Running for Roses

On the treadmill this week, surrounded by dozens of others tackling their workouts, an idea formed in my head. Whether it’s running, sprinting, or even dancing on the treadmill (the new trend these days), there’s a subconscious sense of competition with those around you.  Someone wants to leave the room believing they “won” their workout.

Flash back to state fair or neighborhood carnival memories for a second. Those light-bright terror-filled rides drew me in as a kid, but how about the midway games?  That’s where I dropped some serious cash. Ring toss. Shooting galleries. Fishing pond. Skee ball.

In my book, the most memorable of the midway games was the Roll-A-Ball horse race. A larger-than-average booth with a dozen open stools invited you to have a seat. Along the back was a massive tote-board with horses lined up top to bottom. You had a brief sense of mounting a thoroughbred and trotting into the starting gate. The game began (with an obnoxious bell), and each “jockey” rolled a ball up a small wooden board and into holes.  The further away the hole the faster your horse galloped across the board.  The closer the hole the less the gallop but also the quicker the ball came back to you.  First horse across the finish line won (another obnoxious bell).  Some versions of the game had you shoot targets with water guns instead of Roll-A-Ball.

Here’s a video of the Roll-A-Ball horse race in action.

There’s a ton of frantic energy with Roll-A-Ball.  You play while nervously glancing at the tote-board to see how your horse is coming along. Whenever someone hits a high-score hole their horse surges to the lead. Towards the end you’re aiming for the further holes in a desperate attempt to make up furlongs.  As if the distraction of carnival sounds isn’t enough, thundering hoof beats blare every time a horse makes a move.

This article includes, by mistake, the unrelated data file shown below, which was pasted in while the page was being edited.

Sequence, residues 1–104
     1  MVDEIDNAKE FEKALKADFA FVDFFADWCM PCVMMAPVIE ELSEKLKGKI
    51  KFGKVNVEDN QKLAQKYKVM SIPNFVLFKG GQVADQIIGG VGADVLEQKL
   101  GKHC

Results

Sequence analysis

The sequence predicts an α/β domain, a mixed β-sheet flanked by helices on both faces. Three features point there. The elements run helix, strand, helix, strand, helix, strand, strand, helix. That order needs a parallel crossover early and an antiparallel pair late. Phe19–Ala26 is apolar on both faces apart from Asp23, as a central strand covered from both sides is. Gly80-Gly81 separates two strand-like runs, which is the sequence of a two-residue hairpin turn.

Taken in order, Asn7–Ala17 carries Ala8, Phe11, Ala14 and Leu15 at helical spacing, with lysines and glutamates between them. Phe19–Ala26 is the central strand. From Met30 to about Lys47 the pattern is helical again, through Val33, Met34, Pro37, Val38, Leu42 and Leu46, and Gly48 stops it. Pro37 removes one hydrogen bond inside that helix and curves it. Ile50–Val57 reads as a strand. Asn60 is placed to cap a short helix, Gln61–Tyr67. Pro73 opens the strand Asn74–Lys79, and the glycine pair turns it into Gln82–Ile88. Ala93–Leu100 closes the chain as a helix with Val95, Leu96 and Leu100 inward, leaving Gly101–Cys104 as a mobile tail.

With Roll-A-Ball in mind, let’s go back to the gym.  I propose we combine the horse-race concept with the treadmill workout.  Place a big tote board at the front of the room. Assign each treadmill to a runner on the board.  Then create several competitions as everyone works out simultaneously. Who has been running the longest? Who is running the fastest? Who is covering the most distance?  The runners advance across the tote-board according to the individual efforts on the treadmills.  Tote-board results change constantly as runners join or leave the game.

Would people “play”?  You bet they would.  Runners are competitive by nature as they vie to “medal” or win their age category or even just improve their “personal best”.  Runners are entering 5K’s and 10K’s, half-marathons and marathons in record numbers.

Me?  I run because it makes me feel good.  But don’t think I don’t notice the results of my workout spelled out in big, bold numbers on the treadmill display. Total Time. Total Miles. Average Speed. Calories Burned.  Sometimes I race against my former self.  Sometimes I increase my pace to match the faster runner three treadmills over. Sometimes I run longer to outlast the creeper who chose the treadmill right next to me when several others were open.

Competition leads to better workouts so the racing element is a slam-dunk.  Add a “join” option to the treadmill display and you instantly pop up on the tote-board.  Quit whenever your workout is done.  Even if you don’t “win” I’d bet dollars to doughnuts you’d get a better workout than if you were running in isolation.

Mark my words, someone more innovative than me will take this idea and “run with it”.  Gyms will cough up the purchase price because racing games would attract more memberships.  And maybe, just for a moment, runners will feel like they’ve stepped off the treadmill and back into the carnival of their childhood.